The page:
John Deere piloted AI and machine vision tech from Intel to improve efficiency in the robotic steel welding process to manufacture heavy equipment and products.
The AI approach could be especially valuable partly because of the volume of work produced with Gas Metal Arc Welding (GMAW) at 52 Deere factories around the globe where hundreds of robotic arms use millions of weld wire a year. Detecting defects in steel welds has traditionally been a manual process relying on skilled technicians, Intel wrote in a blog.
Inspectors commonly look for porosity in the welds where trapped gas bubbles form as a weld cools. The cavities left by the bubbles weaken the weld strength and if not detected require a re-do or possibly a scrapping of steel assemblies, causing delays and expense.
Deere’s approach used AI and machine vision to spot the porosity, relying on hardware and software to detect the flaws in real time at the edge reliably. The approach used a neural network inference engine, which logs a defect quickly and automatically stops the welding work. Deere can correct the issue right away, Intel said.
The work positions Deere to solve other problems in the manufacturing process beyond weld defects, according to Christine Boles, vice president of IoT at Intel.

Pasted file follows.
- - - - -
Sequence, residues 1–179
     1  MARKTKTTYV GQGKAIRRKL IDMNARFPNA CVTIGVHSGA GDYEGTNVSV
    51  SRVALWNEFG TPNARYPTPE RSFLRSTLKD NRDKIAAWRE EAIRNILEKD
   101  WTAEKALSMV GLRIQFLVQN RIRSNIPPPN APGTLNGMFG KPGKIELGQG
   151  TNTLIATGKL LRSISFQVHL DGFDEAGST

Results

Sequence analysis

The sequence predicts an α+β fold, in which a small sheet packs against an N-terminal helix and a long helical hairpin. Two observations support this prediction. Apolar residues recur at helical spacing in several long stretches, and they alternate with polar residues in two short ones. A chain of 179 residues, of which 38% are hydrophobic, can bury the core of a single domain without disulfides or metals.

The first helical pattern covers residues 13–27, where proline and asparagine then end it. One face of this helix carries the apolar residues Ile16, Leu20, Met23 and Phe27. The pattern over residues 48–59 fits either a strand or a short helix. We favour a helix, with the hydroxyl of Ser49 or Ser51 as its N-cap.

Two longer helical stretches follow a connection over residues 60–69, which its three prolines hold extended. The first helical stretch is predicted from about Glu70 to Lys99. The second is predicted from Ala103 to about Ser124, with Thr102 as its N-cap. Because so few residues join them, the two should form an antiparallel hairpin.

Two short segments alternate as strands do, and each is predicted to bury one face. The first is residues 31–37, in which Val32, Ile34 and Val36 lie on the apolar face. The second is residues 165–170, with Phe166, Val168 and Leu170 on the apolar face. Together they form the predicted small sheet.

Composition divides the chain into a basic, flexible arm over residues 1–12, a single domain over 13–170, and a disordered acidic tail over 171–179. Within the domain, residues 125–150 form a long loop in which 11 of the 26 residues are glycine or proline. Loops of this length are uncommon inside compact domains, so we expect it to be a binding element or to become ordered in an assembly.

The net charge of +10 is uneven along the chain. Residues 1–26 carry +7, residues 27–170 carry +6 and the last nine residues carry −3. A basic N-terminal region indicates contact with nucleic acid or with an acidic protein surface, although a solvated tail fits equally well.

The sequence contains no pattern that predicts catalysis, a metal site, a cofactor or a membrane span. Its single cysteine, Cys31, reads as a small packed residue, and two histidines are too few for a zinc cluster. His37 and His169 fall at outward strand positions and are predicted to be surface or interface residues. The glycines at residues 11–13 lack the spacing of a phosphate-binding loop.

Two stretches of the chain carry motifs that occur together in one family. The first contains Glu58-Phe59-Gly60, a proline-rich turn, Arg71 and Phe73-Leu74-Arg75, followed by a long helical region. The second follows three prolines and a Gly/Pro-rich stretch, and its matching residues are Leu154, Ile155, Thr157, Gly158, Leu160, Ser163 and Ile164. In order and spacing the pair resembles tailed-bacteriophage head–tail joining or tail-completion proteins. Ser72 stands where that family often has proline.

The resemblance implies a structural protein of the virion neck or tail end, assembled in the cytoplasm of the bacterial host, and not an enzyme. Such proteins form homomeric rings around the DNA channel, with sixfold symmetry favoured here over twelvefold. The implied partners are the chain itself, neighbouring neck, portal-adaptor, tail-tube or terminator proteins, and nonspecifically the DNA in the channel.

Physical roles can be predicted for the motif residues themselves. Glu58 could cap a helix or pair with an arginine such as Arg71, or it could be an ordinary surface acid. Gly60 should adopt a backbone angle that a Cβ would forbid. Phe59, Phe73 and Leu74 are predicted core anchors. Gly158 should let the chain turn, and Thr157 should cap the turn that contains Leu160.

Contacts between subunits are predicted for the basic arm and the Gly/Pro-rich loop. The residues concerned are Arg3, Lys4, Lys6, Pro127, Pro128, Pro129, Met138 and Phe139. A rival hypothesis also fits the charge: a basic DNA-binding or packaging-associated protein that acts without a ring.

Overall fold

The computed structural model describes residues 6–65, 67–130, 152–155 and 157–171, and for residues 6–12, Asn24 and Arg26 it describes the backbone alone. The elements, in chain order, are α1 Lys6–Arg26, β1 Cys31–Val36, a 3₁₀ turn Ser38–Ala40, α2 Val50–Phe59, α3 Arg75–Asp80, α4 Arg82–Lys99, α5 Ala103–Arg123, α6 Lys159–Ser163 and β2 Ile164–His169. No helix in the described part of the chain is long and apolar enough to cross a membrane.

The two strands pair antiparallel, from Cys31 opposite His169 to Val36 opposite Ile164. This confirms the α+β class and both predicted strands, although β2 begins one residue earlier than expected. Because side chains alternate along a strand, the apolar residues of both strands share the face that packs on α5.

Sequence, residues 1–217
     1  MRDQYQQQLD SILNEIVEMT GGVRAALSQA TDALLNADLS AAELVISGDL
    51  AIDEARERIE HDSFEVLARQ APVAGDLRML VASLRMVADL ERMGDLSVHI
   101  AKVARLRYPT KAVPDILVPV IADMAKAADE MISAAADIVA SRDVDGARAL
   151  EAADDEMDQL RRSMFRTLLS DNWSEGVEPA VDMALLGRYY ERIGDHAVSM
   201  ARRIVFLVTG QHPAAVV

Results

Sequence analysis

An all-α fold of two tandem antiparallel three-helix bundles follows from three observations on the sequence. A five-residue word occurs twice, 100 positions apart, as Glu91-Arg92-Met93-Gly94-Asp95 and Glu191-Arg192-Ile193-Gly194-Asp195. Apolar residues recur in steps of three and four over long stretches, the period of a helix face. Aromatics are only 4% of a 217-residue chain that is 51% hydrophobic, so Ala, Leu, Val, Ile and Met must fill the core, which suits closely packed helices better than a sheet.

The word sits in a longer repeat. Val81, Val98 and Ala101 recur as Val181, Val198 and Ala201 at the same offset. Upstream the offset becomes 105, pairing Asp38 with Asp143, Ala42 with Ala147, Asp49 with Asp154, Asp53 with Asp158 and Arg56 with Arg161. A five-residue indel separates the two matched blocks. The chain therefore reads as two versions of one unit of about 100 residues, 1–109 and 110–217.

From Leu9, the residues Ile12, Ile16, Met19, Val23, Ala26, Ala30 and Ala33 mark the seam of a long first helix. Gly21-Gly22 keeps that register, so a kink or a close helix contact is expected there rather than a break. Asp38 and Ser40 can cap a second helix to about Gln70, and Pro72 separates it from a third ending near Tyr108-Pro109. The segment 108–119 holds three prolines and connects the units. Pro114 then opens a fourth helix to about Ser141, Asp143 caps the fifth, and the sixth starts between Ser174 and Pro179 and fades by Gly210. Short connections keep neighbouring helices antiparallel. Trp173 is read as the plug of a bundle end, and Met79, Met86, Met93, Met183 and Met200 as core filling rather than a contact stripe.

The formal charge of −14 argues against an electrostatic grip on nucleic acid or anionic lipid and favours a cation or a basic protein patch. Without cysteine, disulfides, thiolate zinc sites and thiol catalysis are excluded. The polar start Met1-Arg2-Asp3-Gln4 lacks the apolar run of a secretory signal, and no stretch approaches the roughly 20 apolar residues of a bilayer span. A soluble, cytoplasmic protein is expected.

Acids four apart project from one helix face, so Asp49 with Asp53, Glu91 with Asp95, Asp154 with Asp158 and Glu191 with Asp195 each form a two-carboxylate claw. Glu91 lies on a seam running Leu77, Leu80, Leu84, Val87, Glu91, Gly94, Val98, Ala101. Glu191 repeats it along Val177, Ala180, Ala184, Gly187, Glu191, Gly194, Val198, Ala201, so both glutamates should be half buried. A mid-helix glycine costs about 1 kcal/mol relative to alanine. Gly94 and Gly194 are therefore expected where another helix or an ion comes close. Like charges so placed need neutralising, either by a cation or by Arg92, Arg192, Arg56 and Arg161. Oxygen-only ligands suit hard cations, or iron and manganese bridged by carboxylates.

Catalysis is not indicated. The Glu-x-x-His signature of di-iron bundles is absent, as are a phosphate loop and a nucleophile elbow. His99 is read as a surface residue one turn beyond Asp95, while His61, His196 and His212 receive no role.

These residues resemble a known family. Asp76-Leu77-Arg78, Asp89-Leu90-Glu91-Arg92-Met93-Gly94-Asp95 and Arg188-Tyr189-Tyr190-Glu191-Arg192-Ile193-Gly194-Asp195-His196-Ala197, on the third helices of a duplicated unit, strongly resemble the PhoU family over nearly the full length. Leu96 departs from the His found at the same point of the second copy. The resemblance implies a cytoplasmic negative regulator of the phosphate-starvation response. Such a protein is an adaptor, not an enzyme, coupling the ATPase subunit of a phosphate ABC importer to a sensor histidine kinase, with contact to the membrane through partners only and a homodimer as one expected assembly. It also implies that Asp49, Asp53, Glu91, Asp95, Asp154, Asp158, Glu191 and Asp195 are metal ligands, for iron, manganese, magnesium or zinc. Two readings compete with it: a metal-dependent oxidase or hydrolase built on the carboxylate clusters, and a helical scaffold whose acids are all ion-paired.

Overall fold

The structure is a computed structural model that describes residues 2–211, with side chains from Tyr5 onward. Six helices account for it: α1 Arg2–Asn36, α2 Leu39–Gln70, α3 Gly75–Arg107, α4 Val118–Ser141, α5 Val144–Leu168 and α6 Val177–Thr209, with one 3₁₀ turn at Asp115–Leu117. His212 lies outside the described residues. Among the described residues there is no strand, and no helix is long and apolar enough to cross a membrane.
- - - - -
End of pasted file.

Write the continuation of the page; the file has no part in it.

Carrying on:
“The introduction of new technology into manufacturing is opening up new opportunities and changing the way we think about some processes that haven’t changed in years,” said Andy Benko, quality director at John Deere’s construction and forestry division. “The AI solution has the potential to help us produce our high-quality machines more efficiently than before.”
Deere’s weld detection was enabled with Intel Core i7 processors, Intel Movidius Vision Processing Units, the Intel Distribution of OpenVINO toolkit and an industrial grade ADLINK Machine Vision Platform and a MeltTools welding camera.
The pilot of weld porosity detection and control took place at an unidentified production facility using existing industrial PCs, according to Industry Week.
ADLINK has said the use of OpenVINO and other tools provides up to 97% accuracy in detecting porosity defects based on its internal testing data.
To detect porosity defects earlier than human inspectors, Intel and ADLINK have used a camera placed on the welding gun about a foot away from the actual weld. Video frames from cameras are tracked by a 2D classification network, followed by an aggregation process to average responses. The stream video frames are examined the inference engine and when defects are found, the system switches off the welding robot.